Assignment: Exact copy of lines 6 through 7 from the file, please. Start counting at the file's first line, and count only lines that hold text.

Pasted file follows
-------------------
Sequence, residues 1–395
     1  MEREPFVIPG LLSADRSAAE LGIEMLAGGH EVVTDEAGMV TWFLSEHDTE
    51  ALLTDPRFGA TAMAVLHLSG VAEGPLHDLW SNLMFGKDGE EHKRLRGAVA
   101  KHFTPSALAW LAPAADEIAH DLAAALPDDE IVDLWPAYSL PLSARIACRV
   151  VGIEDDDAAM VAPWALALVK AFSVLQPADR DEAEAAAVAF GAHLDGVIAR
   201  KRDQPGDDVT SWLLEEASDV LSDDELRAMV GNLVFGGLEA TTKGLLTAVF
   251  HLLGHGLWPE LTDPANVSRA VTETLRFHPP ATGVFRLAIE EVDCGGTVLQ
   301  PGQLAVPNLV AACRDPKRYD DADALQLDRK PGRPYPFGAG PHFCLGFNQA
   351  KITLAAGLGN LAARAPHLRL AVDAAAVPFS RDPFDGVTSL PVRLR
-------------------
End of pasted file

   201  KRDQPGDDVT SWLLEEASDV LSDDELRAMV GNLVFGGLEA TTKGLLTAVF
   251  HLLGHGLWPE LTDPANVSRA VTETLRFHPP ATGVFRLAIE EVDCGGTVLQ